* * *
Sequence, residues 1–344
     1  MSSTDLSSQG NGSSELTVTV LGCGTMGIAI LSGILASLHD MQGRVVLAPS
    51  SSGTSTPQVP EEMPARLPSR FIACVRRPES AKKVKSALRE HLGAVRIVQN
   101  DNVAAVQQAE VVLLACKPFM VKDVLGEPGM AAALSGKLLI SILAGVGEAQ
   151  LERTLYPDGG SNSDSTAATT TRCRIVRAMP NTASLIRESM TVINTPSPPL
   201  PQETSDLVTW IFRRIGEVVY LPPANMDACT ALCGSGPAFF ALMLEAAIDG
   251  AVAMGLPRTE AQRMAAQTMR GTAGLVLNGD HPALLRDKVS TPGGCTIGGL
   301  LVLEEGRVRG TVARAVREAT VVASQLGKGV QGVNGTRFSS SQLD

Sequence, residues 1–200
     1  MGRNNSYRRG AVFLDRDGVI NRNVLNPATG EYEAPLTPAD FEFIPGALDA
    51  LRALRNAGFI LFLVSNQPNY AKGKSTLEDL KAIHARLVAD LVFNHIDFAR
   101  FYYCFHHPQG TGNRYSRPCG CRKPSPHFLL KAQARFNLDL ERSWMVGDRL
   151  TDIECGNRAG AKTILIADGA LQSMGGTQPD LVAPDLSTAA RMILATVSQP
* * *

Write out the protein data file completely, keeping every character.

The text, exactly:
Sequence, residues 1–344
     1  MSSTDLSSQG NGSSELTVTV LGCGTMGIAI LSGILASLHD MQGRVVLAPS
    51  SSGTSTPQVP EEMPARLPSR FIACVRRPES AKKVKSALRE HLGAVRIVQN
   101  DNVAAVQQAE VVLLACKPFM VKDVLGEPGM AAALSGKLLI SILAGVGEAQ
   151  LERTLYPDGG SNSDSTAATT TRCRIVRAMP NTASLIRESM TVINTPSPPL
   201  PQETSDLVTW IFRRIGEVVY LPPANMDACT ALCGSGPAFF ALMLEAAIDG
   251  AVAMGLPRTE AQRMAAQTMR GTAGLVLNGD HPALLRDKVS TPGGCTIGGL
   301  LVLEEGRVRG TVARAVREAT VVASQLGKGV QGVNGTRFSS SQLD

Sequence, residues 1–200
     1  MGRNNSYRRG AVFLDRDGVI NRNVLNPATG EYEAPLTPAD FEFIPGALDA
    51  LRALRNAGFI LFLVSNQPNY AKGKSTLEDL KAIHARLVAD LVFNHIDFAR
   101  FYYCFHHPQG TGNRYSRPCG CRKPSPHFLL KAQARFNLDL ERSWMVGDRL
   151  TDIECGNRAG AKTILIADGA LQSMGGTQPD LVAPDLSTAA RMILATVSQP